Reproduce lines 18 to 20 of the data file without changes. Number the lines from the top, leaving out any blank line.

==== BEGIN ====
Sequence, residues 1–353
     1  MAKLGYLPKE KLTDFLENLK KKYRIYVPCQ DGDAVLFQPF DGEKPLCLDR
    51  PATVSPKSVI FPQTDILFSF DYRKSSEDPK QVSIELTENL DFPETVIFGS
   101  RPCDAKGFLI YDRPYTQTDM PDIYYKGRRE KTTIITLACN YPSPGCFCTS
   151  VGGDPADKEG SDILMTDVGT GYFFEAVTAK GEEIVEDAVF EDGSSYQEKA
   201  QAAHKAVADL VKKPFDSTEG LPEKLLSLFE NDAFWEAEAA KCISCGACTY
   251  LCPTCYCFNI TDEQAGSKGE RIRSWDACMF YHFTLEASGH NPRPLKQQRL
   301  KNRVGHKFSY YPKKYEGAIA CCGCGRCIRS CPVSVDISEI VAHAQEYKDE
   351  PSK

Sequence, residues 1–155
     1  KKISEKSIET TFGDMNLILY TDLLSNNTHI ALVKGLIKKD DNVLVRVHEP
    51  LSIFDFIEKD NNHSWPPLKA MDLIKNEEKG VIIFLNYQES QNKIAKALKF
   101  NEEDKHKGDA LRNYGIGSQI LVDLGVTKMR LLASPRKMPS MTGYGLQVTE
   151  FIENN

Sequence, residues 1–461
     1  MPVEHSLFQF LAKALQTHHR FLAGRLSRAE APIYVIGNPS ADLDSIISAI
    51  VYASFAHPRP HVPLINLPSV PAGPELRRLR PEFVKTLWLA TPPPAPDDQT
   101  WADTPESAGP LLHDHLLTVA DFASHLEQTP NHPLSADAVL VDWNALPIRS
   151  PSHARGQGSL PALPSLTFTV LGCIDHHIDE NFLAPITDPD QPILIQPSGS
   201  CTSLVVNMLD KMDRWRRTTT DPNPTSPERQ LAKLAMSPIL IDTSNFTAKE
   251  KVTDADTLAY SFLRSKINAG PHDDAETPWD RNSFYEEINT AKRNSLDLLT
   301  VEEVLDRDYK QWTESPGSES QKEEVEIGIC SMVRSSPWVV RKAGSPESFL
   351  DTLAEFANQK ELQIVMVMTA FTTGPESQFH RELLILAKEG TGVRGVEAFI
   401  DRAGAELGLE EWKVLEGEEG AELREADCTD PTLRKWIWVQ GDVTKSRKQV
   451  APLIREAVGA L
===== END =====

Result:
   101  WADTPESAGP LLHDHLLTVA DFASHLEQTP NHPLSADAVL VDWNALPIRS
   151  PSHARGQGSL PALPSLTFTV LGCIDHHIDE NFLAPITDPD QPILIQPSGS
   201  CTSLVVNMLD KMDRWRRTTT DPNPTSPERQ LAKLAMSPIL IDTSNFTAKE